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UH Rehabilitation Hospitals using bionic robot to get patients on their feet

"It helped me think that I don't have to be in a wheelchair forever.”

AVON, Ohio — As many as 500,000 Americans have a spinal cord injury every year. 15 million suffer strokes.

There's a new way patients are getting better, literally taking steps toward their recovery.

It's a ready-to-wear, battery-powered bionic suit -- commonly referred to as an exoskeleton -- that is strapped over the patient's clothing. The device transfers its 50 lb. load directly to the ground, so you don't bear the weight.

John McKitrick of Amherst had to relearn to walk after two debilitating strokes last year. After surviving emergency brain surgery he came to the University Hospitals Rehabilitation Hospital in Avon where he met “Arthur.” That’s the nickname for the bionic body robot that's getting him on his feet.

“It made you feel like there was hope and it helped me think that I don't have to be in a wheelchair forever,” John says.

UH has used the $150,000 exoskeleton made by Ekso Bionics for the last eight months and noticed remarkable improvements in about twenty of the patients who’ve used it so far.

“There have been clinical trials that have shown that it helps with both patient's balance initially and then as far as when they start walking it helps how fast they can walk,” says Dr. Christopher Parnell D.O. UH Rehab hospital Medical Director.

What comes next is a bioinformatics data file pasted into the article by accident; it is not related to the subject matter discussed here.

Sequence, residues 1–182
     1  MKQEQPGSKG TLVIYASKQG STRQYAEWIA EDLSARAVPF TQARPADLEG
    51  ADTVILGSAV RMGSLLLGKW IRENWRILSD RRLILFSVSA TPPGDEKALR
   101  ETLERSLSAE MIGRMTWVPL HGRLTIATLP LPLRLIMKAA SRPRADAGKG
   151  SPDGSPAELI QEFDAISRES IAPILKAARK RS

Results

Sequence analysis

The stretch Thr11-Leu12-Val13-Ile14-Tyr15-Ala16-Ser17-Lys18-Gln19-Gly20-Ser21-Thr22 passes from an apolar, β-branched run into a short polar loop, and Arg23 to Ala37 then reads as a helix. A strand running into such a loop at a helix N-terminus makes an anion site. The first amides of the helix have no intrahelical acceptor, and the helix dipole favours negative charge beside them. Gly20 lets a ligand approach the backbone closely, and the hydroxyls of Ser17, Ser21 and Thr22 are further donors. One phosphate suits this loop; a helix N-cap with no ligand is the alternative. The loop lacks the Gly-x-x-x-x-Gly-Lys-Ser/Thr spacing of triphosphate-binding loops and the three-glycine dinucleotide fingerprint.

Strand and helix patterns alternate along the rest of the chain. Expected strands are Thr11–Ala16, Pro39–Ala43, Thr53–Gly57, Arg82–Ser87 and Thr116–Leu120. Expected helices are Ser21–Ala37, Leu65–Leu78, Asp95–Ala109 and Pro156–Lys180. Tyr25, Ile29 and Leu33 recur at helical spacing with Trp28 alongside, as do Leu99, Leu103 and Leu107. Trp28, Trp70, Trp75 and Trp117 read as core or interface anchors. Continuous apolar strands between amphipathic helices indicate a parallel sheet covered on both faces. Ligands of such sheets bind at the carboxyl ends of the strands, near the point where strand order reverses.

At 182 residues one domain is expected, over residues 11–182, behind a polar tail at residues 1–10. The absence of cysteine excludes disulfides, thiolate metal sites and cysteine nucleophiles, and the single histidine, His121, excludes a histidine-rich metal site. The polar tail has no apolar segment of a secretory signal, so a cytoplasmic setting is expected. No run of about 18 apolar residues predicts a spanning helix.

What the device doesn’t do is replace the work of the physical therapists.

“Assistive technology helps them be more efficient and accomplish the patient's rehab goals in a more rapid period of time,” Dr. Parnell says.

Sarah Carkido, Avon Rehab Manager, noticed how the device not only helped physical capabilities, but also mental outlook.

“Just being vertical. being upright is such a confidence and humility thing for these people just to be at eye level with somebody without someone holding them up with all their force,” she said.

For John, it's a game changer.

“There is a future for people who've had spinal injuries and brain injuries and maybe with some advancement in technology it will help them feel a little more normal,” John said.

About 60% of patients at the Avon Rehab hospital are there for neurologic problems. From stroke recovery, to traumatic brain injury, to car accident victims. But the device may also be able to help Parkinson’s and Multiple Sclerosis patients, too. Those who are ideal candidates for the device are stroke patients and those with incomplete spinal cord injuries. Patients that still have some sensation or movement ability in their legs.

The device is specially fitted to each patient and even though it weighs 50 pounds, the patient doesn't feel it. Also the robot understands the patient's needs and limitations.

“The first few times I used it, I tried to force it to do what I wanted to do but that's not how it works you have to relax and let it work the way it's supposed to work,” John said.

UH Avon Rehabilitation Hospital CEO, Andrew Goldfrach says the Avon and UH Beachwood facilities are the only two in Northeast Ohio using the EksoGT device.